Dr Birley commented on the find ‘there is always great excitement when you find something that has never been seen before and this discovery is wonderful….’ Andrew went on to say ‘We know a lot about Roman toilets from previous excavations at the site and from the wider Roman world which have included many fabulous Roman latrines but never before have we had the pleasure of seeing a surviving and perfectly preserved wooden seat. As soon as we started to uncover it there was no doubt at all on what we had found. It is made from a very well worked piece of wood and looks pretty comfortable. Now we need to find the toilet that went with it as Roman loos are fascinating places to excavate – their drains often contain astonishing artefacts. Let’s face it, if you drop something down a Roman latrine you are unlikely to attempt to fish it out unless you are pretty brave or foolhardy’. Discoveries at Vindolanda from latrines have included a baby boot, coins, a betrothal medallion, and a bronze lamp.

Archaeologists now need to find a ‘spongia’ the natural sponge on a stick which Romans used instead of toilet paper, and with over 100 years of archaeology remaining and the unique conditions for the preservation of such organic finds a discovery may just be possible.

The wooden seat will take up to 18 months to conserve and once this process is complete the artefact will be put on display at the Roman Army Museum.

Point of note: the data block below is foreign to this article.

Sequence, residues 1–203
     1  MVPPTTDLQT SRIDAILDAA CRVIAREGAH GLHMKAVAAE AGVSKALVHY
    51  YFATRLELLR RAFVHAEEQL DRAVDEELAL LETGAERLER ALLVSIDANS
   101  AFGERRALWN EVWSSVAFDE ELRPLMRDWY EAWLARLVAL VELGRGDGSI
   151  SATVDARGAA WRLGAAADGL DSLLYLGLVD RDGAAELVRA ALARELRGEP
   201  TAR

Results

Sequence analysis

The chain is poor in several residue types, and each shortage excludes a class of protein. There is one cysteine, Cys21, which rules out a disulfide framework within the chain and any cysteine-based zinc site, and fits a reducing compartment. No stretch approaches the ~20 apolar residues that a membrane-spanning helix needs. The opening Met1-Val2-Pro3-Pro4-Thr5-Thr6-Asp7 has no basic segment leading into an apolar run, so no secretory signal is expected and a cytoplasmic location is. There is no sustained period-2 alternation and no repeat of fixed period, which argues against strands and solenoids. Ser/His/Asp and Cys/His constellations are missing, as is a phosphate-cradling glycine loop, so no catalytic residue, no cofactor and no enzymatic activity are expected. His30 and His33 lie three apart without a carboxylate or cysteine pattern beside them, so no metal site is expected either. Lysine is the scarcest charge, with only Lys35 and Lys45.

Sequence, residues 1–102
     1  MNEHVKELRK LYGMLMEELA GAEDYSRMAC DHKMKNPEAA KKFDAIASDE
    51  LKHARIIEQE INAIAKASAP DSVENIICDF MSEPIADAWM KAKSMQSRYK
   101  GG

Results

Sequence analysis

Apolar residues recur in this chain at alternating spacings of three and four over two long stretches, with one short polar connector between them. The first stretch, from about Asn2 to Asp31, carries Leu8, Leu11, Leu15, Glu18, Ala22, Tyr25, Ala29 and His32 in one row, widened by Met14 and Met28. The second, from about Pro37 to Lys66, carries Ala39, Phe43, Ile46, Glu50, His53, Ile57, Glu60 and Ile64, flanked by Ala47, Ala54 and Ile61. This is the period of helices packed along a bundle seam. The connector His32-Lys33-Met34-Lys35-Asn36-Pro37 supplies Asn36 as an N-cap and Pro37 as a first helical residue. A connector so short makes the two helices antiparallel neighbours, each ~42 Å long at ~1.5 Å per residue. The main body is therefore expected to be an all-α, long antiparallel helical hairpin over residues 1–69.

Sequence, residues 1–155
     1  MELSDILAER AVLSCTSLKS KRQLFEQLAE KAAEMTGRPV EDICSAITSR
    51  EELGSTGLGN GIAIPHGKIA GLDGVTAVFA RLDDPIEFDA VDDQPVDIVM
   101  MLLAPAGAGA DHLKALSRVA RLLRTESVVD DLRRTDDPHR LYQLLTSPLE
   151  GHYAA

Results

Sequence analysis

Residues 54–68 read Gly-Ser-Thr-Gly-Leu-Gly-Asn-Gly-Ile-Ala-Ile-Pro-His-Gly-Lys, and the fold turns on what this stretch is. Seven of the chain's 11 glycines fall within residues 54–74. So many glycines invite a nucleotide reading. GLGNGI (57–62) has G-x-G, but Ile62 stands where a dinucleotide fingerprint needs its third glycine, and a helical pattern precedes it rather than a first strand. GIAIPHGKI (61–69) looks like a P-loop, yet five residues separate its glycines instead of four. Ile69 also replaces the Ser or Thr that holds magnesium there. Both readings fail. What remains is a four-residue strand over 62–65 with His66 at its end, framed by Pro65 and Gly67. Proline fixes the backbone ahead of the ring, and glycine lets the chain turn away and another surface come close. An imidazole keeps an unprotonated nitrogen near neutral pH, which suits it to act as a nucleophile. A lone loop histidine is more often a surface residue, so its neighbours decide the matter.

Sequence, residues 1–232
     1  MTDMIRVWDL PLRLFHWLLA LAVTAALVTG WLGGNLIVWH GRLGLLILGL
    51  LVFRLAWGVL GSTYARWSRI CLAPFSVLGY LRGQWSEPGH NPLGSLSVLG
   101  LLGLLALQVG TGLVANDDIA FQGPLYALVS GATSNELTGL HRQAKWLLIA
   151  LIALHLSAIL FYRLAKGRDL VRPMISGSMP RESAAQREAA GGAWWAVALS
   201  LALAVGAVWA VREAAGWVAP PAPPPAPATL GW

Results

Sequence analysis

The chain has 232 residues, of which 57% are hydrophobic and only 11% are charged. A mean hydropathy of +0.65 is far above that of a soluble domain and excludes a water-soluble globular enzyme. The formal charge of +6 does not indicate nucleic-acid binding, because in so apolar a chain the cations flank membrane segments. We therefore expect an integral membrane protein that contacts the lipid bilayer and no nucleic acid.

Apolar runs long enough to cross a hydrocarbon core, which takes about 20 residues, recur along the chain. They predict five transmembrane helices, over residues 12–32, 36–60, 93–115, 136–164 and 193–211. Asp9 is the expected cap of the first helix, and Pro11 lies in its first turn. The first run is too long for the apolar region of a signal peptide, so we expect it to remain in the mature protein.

… and the photo, of course:

Vindolanda Trust

Vindolanda Trust

I’m sure there are plenty of us who have visited the site of an ancient Roman latrine and shuddered at the thought of sitting on that cold, cold, stone. I’d suspect this would be a thing — like napkins at dinner parties — which someone would bring with them to the loo. Probably a ‘luxury item’ as well. I wonder if it had a special word in Latin …

Ruts in the Roman (?) Road at Ipplepen

From the University of Exeter:

The excavation at Ipplepen, run by the University of Exeter, is back on site following the discovery of a complex series of archaeological features thought to be part of the largest Romano-British settlement in Devon outside of Exeter.

Wheel ruts found in the newly excavated road surface are thought to be like those at Pompeii caused by carts being driven over them. This is cause for excitement according to archaeologist Danielle Wootton, the Devon Finds Liaison Officer for the Portable Antiquities Scheme. She said:“The road must have been extensively used, it’s intriguing to think what the horse-drawn carts may have been carrying and who was driving them. This is a fantastic opportunity to see a ‘snap shot’ of life 2000 years ago.”

The geophysical survey and a significant number of Roman coins found when the site was first discovered highlighted the importance of this extensive site and its potential to explore the relationship between the Romans and Devon’s native population.